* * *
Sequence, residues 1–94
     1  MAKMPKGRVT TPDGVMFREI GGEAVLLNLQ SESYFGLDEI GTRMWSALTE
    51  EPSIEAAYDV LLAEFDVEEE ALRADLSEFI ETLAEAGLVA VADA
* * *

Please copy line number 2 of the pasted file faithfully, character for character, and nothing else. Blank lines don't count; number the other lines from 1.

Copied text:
     1  MAKMPKGRVT TPDGVMFREI GGEAVLLNLQ SESYFGLDEI GTRMWSALTE